Sign up ×
Stack Overflow is a community of 4.7 million programmers, just like you, helping each other. Join them; it only takes a minute:

I use a function from another library which takes any STL sequential container as an argument. Just for arguments sake, I'll keep it as std::vector.

do_something (std::vector<double>& k)

I have a whole vector of data (happens to be of type double) Is there a way to pass a sub vector preferably via reference and without copying and splitting vector before hand, to this function? It is straight forward via copying (by simply making a copy of subvector, returning the vector from function and putting the respective subvector back into vector). why?:

  1. The reason I do not want to copy is entirely due to speed, I will be calling this function many (and I mean many) times and performance is utmost important.
  2. The reason I don;t want to split vector before hand is the file IO operations. The vector being sequential allows fast file write particularly in binary mode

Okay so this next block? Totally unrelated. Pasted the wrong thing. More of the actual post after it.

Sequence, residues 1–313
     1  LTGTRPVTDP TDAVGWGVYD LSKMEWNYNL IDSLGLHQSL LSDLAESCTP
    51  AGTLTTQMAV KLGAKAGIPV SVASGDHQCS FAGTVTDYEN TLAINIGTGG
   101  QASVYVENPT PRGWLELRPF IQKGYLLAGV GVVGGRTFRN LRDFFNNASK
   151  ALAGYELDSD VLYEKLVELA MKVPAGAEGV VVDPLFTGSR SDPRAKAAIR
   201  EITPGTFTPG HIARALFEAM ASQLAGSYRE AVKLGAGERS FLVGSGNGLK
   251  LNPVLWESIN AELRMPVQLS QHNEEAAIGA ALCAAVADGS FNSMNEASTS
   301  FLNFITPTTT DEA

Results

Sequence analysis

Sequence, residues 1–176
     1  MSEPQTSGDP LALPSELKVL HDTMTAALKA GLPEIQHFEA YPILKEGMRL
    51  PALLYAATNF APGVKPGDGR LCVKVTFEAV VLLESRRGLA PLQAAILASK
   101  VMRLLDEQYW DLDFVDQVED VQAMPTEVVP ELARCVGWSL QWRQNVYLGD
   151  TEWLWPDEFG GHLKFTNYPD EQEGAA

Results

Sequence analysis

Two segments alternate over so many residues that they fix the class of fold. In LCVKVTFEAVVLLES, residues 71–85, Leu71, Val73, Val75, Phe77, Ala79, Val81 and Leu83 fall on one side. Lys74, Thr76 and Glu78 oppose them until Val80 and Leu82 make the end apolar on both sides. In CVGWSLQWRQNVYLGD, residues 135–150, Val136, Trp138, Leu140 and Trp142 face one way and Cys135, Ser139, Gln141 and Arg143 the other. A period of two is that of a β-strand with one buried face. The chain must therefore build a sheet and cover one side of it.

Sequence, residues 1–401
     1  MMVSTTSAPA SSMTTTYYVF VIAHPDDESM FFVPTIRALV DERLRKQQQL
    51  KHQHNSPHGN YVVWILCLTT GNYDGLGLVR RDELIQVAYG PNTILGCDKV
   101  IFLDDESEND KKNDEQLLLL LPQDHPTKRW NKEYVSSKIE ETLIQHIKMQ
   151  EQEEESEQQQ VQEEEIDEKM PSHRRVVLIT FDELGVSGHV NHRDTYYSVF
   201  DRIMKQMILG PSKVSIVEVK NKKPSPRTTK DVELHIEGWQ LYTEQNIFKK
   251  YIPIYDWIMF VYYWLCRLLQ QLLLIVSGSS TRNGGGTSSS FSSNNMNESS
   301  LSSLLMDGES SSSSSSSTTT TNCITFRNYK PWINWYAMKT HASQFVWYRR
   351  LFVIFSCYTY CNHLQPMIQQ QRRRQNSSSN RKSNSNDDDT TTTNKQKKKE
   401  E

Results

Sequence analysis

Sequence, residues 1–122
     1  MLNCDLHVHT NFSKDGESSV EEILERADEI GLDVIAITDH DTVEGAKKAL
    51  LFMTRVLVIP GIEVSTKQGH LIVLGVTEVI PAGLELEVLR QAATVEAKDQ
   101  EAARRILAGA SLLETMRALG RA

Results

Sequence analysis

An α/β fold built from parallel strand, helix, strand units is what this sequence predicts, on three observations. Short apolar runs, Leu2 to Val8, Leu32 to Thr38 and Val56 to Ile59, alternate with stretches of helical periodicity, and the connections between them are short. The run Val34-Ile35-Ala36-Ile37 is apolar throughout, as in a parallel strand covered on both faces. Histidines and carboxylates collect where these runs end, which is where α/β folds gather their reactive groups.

In other words, can I do something like this (in pseudocode exmaple below)?

std::vector<double> myVector{1.2, 5.6, 8.6, 2.2, 1.7, 9.1}; // myVeector of size 6

do_something (&myVector[ -- elementss 2,3,4--]);

Any help appreciated, even if it is not possible and if you know a way to copy back and forth efficiently

Note: If it's any help to SO programmers, my vector will be the same size with the same prelocated subvector which is not equal to from myVector.begin() or myVector.back(). Also this will never change for that one vector

share|improve this question
Use iterators, or if you want slightly better syntax, use something like boost::adaptors::sliced. – Mankarse Apr 1 '13 at 5:01

1 Answer 1

No, it can't be done. That's why standard algorithms accept two (or more) iterators as parameters, rather than a container.

You could also look at the Boost.Range library, which allows for range adaptors including slices.

Depending what's in this function template that you call, you might be able to pass a sliced range in place of the sequence, since the concrete ranges defined in Boost do have begin() and end() member functions. But since it takes a non-const reference to a container, there's a chance that it adds or removes elements, in which case you're out of luck.

share|improve this answer

Your Answer


By posting your answer, you agree to the privacy policy and terms of service.

Not the answer you're looking for? Browse other questions tagged or ask your own question.